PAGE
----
Practical Opportunities for Healthy Diet and Physical Activity: Relationship to Intentions, Behaviors, and Body Mass Index

Ferrer RL, Burge S, Palmer R, Cruz I. Practical opportunities for healthy diet and physical activity: relationship to intentions, behaviors, and body-mass index. Annals of Family Medicine 2016;14:109-116. PMID: 26951585

PURPOSE Current strategies for improving diet and activity patterns focus on encouraging patients to make better choices, but they meet with limited success. Because the choices people make depend on the choices they have, we examined how practical opportunities for diet and physical activity shape behavioral inten- tions and achieved behaviors.
METHODS Participants included 746 adults who visited 8 large primary care practices in the Residency Research Network of Texas in 2012. We used struc- tural equation models to con rm factor structures for a previously validated measure of practical opportunities, and then modeled achieved diet (Starting the Conversation – Diet questionnaire), physical activity (International Physical Activ- ity Questionnaire), and BMI as a function of opportunities (classi ed as either resources or conversion factors that in uence use of resources), behavioral inten- tions, and demographic covariates.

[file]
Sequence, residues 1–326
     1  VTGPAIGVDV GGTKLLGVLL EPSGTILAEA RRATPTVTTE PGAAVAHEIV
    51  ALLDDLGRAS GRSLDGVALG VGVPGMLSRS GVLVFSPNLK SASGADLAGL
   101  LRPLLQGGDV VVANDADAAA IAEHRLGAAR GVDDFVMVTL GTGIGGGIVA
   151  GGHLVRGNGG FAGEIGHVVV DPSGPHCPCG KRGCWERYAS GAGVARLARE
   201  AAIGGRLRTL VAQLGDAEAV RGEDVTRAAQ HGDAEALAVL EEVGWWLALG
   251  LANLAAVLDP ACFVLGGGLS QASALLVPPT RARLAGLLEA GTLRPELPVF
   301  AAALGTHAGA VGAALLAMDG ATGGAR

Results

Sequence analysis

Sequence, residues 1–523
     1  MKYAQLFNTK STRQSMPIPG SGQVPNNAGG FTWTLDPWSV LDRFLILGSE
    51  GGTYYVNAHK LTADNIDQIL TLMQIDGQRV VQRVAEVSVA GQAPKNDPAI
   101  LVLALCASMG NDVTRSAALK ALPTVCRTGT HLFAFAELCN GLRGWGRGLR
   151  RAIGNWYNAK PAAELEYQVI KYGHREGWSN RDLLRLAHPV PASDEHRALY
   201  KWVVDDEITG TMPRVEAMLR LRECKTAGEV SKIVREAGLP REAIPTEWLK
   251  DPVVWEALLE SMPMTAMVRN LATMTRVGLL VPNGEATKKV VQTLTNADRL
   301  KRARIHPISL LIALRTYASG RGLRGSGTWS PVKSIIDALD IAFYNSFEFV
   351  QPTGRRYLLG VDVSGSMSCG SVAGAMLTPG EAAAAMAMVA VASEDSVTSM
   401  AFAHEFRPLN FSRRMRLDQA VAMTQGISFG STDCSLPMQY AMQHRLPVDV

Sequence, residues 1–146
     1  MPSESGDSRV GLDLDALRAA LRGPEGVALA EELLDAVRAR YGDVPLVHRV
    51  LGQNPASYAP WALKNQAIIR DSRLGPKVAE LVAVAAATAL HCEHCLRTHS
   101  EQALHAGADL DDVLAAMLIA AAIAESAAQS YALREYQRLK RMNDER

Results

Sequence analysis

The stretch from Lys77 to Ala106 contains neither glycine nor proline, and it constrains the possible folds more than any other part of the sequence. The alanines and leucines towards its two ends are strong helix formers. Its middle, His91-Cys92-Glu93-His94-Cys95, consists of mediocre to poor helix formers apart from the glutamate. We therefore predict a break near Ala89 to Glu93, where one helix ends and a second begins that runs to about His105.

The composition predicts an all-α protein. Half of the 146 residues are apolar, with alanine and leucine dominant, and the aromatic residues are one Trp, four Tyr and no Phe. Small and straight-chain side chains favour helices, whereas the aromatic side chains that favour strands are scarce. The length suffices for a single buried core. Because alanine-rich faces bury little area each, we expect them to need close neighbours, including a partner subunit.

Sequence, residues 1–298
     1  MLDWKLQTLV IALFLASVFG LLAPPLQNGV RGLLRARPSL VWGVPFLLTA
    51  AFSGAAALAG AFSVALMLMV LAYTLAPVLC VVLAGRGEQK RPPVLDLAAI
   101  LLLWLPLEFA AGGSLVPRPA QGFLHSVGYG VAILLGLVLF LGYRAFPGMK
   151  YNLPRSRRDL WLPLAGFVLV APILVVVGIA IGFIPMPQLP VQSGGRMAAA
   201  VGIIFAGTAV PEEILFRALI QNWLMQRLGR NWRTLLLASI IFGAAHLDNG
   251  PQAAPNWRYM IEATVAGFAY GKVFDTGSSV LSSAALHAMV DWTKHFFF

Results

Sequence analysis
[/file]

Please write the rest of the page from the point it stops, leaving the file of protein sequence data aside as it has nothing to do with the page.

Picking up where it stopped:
RESULTS In path models, resources (P<.001) and conversion factors (P=.005) predicted behavioral intentions for activity. Conversion factors (P<.001), but not resources, predicted diet intentions. Both activity resources (P=.01) and conver- sion factors (P<.001) were positively associated with weekly activity minutes. Diet conversion factors (P<.001), but not diet resources (P=.08), were positively associated with diet quality. The same patterns were observed for body mass index (BMI). Socioeconomic gradients in resources and conversion factors were evident.
CONCLUSIONS Individuals’ feasible opportunities for healthy diet and activity have clinically meaningful associations with intentions, achieved behaviors, and BMI. Assessing opportunities as part of health behavior management could lead to more effective, ef cient, and compassionate interventions.

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